This ECOG study examined results in 44 patients with newly diagnosed mm who had beta2M > 5.5, plasma cell labeling index >/= 1, or del 13, and who were given single-agent standard-dose Velcade as initial therapy. The response rates were the same as for patients who are not selected for high-risk factors.
 Single Agent Bortezomib Is Associated with a High Response Rate in Patients with High Risk Myeloma. A Phase II Study from the Eastern Cooperative Oncology Group (E2A02). Session Type: Poster Session, Board #756-III
Angela Dispenzieri, Lijung Zhang, Rafael Fonseca, David H. Vesole, Philip R. Greipp Hematology, Mayo Clinic, Rochester, MN, USA; Biostatistics, Dana Farber Cancer Institute, Boston, MA, USA; Hematology/Oncology, Mayo Clinic, Scottsdale, AZ, USA; Medical Oncology, St. Vincents Comprehensive Cancer Center, New York, NY, USA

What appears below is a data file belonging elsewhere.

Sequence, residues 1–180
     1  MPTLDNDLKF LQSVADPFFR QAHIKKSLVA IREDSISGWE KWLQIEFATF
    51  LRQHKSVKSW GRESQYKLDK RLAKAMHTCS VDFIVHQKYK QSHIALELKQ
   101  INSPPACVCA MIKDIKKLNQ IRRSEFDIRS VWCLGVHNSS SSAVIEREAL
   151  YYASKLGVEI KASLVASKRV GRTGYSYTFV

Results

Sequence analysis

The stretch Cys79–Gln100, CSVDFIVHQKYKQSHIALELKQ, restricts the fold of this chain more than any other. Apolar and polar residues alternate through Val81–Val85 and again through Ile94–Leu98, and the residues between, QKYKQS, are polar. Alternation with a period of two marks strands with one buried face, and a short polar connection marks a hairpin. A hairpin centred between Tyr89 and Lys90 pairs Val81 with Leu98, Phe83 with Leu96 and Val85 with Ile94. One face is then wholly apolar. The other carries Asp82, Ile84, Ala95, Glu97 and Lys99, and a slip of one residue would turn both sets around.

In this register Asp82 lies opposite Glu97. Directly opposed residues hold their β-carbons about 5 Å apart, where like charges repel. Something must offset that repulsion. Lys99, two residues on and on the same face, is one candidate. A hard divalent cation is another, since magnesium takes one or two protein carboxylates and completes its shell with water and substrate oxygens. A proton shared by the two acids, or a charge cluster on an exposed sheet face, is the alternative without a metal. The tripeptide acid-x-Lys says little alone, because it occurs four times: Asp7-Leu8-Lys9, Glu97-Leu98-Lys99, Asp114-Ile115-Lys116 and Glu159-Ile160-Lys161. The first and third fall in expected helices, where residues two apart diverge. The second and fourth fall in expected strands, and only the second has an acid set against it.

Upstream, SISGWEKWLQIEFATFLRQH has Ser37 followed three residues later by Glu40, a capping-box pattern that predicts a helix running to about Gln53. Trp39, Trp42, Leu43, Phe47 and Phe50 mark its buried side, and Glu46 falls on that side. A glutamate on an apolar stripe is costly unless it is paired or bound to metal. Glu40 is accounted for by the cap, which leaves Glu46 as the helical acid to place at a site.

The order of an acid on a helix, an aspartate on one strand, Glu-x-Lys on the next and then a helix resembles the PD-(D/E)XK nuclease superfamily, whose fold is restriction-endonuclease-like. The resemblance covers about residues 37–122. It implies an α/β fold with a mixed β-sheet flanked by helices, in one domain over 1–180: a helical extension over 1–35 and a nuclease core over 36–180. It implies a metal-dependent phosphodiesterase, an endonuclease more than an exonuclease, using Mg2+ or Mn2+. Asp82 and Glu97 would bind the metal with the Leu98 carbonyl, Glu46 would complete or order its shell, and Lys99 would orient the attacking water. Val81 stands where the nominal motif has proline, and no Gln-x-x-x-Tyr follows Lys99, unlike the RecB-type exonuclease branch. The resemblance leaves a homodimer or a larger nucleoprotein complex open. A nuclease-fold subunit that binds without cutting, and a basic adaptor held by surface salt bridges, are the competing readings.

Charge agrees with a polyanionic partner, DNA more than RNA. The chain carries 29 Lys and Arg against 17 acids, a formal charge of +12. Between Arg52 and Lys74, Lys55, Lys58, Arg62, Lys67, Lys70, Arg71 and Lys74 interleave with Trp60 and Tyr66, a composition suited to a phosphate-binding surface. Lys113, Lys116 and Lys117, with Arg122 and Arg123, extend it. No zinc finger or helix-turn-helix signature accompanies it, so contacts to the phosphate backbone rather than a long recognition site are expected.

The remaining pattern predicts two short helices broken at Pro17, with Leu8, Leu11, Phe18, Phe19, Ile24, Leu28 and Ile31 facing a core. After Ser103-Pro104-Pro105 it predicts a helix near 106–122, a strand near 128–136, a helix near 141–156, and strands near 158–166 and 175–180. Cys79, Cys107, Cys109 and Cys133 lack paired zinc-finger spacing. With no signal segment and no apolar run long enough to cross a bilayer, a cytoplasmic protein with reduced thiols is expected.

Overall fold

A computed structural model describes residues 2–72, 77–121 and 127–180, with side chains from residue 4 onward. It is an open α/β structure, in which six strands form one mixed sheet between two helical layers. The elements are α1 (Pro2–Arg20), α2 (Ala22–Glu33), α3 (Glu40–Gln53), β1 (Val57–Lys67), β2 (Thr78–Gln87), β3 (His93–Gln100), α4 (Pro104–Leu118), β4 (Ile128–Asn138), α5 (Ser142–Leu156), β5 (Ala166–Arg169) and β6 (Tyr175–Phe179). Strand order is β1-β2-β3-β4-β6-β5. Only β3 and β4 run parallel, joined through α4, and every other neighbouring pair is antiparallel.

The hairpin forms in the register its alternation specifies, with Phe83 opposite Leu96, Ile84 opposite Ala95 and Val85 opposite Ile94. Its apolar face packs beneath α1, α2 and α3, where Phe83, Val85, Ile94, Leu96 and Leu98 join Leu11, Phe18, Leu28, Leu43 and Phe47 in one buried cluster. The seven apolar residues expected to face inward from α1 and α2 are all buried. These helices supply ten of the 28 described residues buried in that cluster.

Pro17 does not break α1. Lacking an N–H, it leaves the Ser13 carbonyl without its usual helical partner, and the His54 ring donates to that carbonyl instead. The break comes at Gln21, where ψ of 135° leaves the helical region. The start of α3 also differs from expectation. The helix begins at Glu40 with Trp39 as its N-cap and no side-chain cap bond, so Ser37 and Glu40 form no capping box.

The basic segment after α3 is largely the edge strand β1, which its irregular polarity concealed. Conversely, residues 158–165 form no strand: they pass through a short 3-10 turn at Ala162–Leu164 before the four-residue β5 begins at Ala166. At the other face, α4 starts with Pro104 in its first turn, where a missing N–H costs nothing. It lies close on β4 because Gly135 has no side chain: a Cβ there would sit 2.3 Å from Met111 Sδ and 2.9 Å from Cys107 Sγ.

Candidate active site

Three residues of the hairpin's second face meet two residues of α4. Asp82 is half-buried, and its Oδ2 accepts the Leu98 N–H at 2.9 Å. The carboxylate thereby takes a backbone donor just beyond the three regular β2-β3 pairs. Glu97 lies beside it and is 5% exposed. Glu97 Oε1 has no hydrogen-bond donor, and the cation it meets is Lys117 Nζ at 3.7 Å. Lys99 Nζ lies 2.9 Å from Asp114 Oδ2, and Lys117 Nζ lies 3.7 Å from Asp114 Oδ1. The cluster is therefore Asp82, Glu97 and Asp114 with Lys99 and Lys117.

Background: MM is an incurable disease with an anticipated overall survival ranging from months to decades. Novel therapies like bortezomib have activity in both the relapsed/refractory and up front settings. There are sparse data on whether novel therapies may overcome high risk features. Methods: Patients with newly diagnosed high-risk myeloma (beta-2 microglobulin [B2M] >= 5.5., plasma cell labeling index [PCLI] >= 1, or deletion 13q) were eligible. Patients were treated with bortezomib 1.3 mg/m2 day 1, 4, 8, and 11 every 21 days for 8 cycles as induction. After induction, patients received bortezomib 1.3 mg/m2 every other week indefinitely. Patients relapsing on maintenance schedule resumed full induction schedule. Responses were defined by the EBMT criteria. The primary end-point was the response rate (90% power to detect a response rate of >=50% ). Results: Between March 15, 2004 and March 10, 2005, 44 patients enrolled. Among the 43 eligible patients, median age was 63; 51% were male. All had high risk disease: deletion 13q (6/41); PCLI >=1% (17/33); t(4:14) (4/27) and B2M >= 5.5 (34/43). Response data are available for 37 of the 43 eligible patients. The overall response rate was 49% (95% CI: 0.32, 0.66) (0 patients with CR, 1 VGPR, 15 PR, 2 MR, and 11 inevaluable). The response rate allowing for use of serum monoclonal protein levels when a measurable urine monoclonal protein was unavailable at follow-up was 59.5% (1 patient with CR, 1 VGPR, 18 PR, 2 MR, and 6 inevaluable). The median progression free survival is 9.4 months. Thirty-three percent of patients completed the 8 cycles of planned induction therapy and moved to maintenance. Reasons for discontinuing therapy have included progression or death (n=18), adverse events (n=6), and other (n=14). Only 12% of patients remain on active therapy: 0% of deletion 13q patients; 25% of t(4:14) and 12% each of high B2M and high PCLI patients. Of the 14 patients who entered the maintenance phase of treatment, 3 have progressed. Of these 3, 2 took re-induction, and neither responded. Median time to progression for those entering maintenance was12.4 months from the time of starting maintenance. The most common adverse events of grade 3 or higher included neutropenia (33%), diarrhea (31%), hyponatremia (21%), anemia (19%), thrombocytopenia (16%), fatigue (14%). Grade 1-2 sensory peripheral neuropathy occurred in 53% of patients, with only 2% having grade 3 sensory neuropathy. One patient had grade 3 peripheral neuropathy. One patient died after receiving 2 doses of protocol treatment due to heart block and asystole. Updated results on the full study population will be presented at the meeting. Conclusions: In high risk patients, upfront bortezomib appears to result in comparable response rates to those reported for unselected cohorts of newly diagnosed myeloma patients. Continued follow-up of these patients will provide information about whether this will translate into better overall outcomes.